Making It Your Own


Photo by Kyle Crawford


While everyone else went out to find “the perfect dress” for prom at countless stores, senior Olwen Menez spent months sitting at her sewing machine making her prom dress.

Menez took Fashion and Textiles 1-2 her freshman year and continued with Fashion and Textiles 3-4 her sophomore year. Sewing has been a part of Menez’s life since she was 11.

“When I was young, my mother told me that both my grandmothers worked in sewing factories in Paris. Then after going to the IMU (Fashion Show) and other museums in France, I saw the kinds of original things that people made and thought ‘Hey, I could do that too,’” Menez said. “It kind of runs in the family to be creative, and while my mother is an amazing painter, I took after my grandmothers and developed a liking to making things I could wear and show off.”

Karen Shumway, Family and Consumer Sciences teacher, said she shares the same passion for sewing and fashion.

“I became a fashion teacher because I love to sew and I love fashion. Fashion is my first love, and interior design I just lucked into,” Shumway said.

Shumway said she cannot remember a time when she could not sew. Like Menez, she started young, but at the even younger age of 5. Born in a family of sewers, Shumway quickly fell in love with the world of fashion and pursued it as a career in college. She said she loves seeing kids get excited after mastering skills and producing a final product.

Shumway said, “I love to see kids learn a new skill. I try to tell them that they may not be good at it right away, but when you see them do well at a skill, they get very excited. Even if it’s very simple, they get very excited because at this age, you’re not learning basics as much anymore. You’re not excited about learning your ABCs because you already know that. This is like a whole new skill that they’ve never learned, and it’s fun to see them get it.”

Menez said the aspect of the class she enjoyed the most was being able to see what the other students in the class were making. Just as Shumway informs her students, Menez said she learned nothing ever turns out as you would think it would.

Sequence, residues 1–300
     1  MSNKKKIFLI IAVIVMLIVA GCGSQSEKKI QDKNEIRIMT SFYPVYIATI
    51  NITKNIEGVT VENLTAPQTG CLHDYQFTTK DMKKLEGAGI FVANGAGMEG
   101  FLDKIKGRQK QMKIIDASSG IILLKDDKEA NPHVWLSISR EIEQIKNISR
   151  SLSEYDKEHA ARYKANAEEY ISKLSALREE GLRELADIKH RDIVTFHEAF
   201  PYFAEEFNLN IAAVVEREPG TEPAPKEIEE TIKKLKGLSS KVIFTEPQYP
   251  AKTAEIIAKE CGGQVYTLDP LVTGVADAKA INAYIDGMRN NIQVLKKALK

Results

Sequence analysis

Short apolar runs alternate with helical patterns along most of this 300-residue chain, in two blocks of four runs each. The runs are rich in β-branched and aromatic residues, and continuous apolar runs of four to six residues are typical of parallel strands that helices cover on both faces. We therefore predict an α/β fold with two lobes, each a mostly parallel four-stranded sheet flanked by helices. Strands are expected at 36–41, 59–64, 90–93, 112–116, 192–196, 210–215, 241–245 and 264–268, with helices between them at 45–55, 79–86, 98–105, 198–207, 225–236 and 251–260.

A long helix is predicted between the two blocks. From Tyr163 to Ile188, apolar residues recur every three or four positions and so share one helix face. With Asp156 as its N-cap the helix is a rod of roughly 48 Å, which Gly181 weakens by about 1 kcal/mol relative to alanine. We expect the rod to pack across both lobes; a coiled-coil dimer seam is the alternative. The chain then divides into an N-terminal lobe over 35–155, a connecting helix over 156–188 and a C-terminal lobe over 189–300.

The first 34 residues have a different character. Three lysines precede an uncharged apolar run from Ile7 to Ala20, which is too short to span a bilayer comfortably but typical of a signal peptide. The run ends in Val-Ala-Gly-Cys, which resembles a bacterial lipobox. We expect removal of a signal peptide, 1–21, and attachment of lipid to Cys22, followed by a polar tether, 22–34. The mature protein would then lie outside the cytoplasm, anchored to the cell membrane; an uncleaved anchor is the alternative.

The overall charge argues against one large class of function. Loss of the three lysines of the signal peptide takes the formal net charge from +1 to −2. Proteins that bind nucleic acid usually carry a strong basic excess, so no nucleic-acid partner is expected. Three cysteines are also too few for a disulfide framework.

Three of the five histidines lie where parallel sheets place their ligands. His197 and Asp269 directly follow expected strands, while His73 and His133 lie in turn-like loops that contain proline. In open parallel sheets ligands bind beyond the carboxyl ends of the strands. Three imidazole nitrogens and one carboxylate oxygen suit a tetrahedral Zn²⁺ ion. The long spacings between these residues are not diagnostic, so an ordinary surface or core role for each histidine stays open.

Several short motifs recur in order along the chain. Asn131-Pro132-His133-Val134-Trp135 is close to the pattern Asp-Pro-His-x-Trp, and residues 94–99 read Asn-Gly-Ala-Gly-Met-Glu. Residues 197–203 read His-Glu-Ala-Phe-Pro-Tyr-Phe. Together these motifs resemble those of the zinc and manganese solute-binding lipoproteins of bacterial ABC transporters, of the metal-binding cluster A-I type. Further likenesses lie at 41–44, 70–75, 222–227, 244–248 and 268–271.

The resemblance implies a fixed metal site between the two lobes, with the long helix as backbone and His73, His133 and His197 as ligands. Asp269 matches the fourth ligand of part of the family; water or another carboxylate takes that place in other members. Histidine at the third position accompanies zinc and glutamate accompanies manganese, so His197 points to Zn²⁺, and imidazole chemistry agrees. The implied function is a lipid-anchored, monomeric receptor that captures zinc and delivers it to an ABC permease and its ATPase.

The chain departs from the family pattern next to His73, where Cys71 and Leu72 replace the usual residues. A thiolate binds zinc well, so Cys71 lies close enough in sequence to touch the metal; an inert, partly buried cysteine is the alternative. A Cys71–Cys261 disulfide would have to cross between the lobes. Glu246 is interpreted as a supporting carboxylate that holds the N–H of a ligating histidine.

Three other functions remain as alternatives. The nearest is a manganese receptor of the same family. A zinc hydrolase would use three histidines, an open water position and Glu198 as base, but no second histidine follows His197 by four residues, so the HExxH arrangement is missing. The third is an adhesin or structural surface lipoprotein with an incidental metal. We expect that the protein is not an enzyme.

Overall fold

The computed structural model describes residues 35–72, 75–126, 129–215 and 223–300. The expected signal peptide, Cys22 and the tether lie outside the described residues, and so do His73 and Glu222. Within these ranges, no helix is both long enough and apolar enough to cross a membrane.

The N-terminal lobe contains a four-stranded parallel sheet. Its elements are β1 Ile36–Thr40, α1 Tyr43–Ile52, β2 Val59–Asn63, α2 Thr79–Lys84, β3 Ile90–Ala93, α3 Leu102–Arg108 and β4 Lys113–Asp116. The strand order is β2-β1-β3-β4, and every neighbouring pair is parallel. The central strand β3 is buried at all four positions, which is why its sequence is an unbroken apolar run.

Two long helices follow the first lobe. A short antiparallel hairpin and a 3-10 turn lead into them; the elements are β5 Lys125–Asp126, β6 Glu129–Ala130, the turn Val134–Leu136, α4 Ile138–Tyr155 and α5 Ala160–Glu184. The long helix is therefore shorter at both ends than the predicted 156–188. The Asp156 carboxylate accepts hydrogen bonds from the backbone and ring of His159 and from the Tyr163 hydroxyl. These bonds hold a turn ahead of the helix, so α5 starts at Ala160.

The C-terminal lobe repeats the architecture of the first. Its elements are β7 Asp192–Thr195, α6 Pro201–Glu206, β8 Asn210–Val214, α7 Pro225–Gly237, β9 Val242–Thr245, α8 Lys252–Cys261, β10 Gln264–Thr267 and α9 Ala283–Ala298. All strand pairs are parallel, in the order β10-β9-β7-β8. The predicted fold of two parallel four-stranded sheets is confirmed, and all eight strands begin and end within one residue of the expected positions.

One benefit to making her own clothes, Menez said, was that she could buy clothes that maybe needed to be fixed up and change them to fit her style. She is able to buy clothes and material that are not as expensive as the actual article of clothing. Menez said by doing so, she has room to mess up because it’s a cheaper alternative.

“I’m pretty small, so nothing fits me right. By making my own clothes, I can make my own style that’s comfortable yet still cute. I can also make clothes that I see on Wanelo or Pinterest for a lot cheaper than they actually cost,” Menez said.


“It kind of runs in the family to be creative, and while my mother is an amazing painter, I took after my grandmothers and developed a liking to making things I could wear and show off.”

Senior Olwen Menez

Shumway said she likes to make formal wear because she can save a lot of money by doing so.

“By making my formal wear, I can get what I want. In this day and age, you really almost cannot sew cheaper than you can buy, with stores like Forever 21 and H&M. But I can still alter formal wear that may not fit right. One of my favorite creations is a navy blue velvet dress that I made a while ago,” Shumway said.

Like Shumway, Menez makes a lot of formal wear because it is a much cheaper alternative. She said she made her homecoming dress for freshman and sophomore year. Then made her prom dress for sophomore and junior year.

Over the years, fabrics have evolved greatly to match consumer needs, according to Shumway. Today, very few articles of clothing require ironing and pressing. Shumway said in this generation, there are a lot of knits and different fabrics that are very comfortable and fashionable but do not require much care.

“When making a piece of clothing, there’s a lot of planning involved because searching for fabric has become difficult. Fabric stores aren’t as plentiful as they used to be, so sometimes you have to order online,” Shumway said.

Menez started out using patterns because the class required her to, but she quickly figured out how to work fabric into her own designs.

One of the key strategies to mastering sewing, according to Shumway, is being able to predict.

“One thing I try to teach them that I want them to learn and transfer to every other aspect of life is that you have to predict. You have to think ‘If I cut here, what’s going to happen?’ Every year, someone makes a mistake and cuts in the wrong place, but you have to think about the result of an action. You can avoid so many mistakes by predicting,” Shumway said.

Menez and Shumway said they consider fashion to be part of their identities. Being able to create her own fashion sets apart Menez from everyone else at such a large high school like CHS. Shumway said she wants to spread her love for fashion and loves seeing the excitement in her students’ faces when they finally see the result of their hard work.

“The kids inspire me to do this. At the end of the day, they end up with this garment that they’re so excited they made by themselves,” Shumway said. “But everyone just needs to relax and enjoy the process. Don’t expect to be the best in the world right at the beginning. Kids are really hard on themselves. They find this to be a stressful class and it shouldn’t be. It should be fine.”


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Sriya Ravi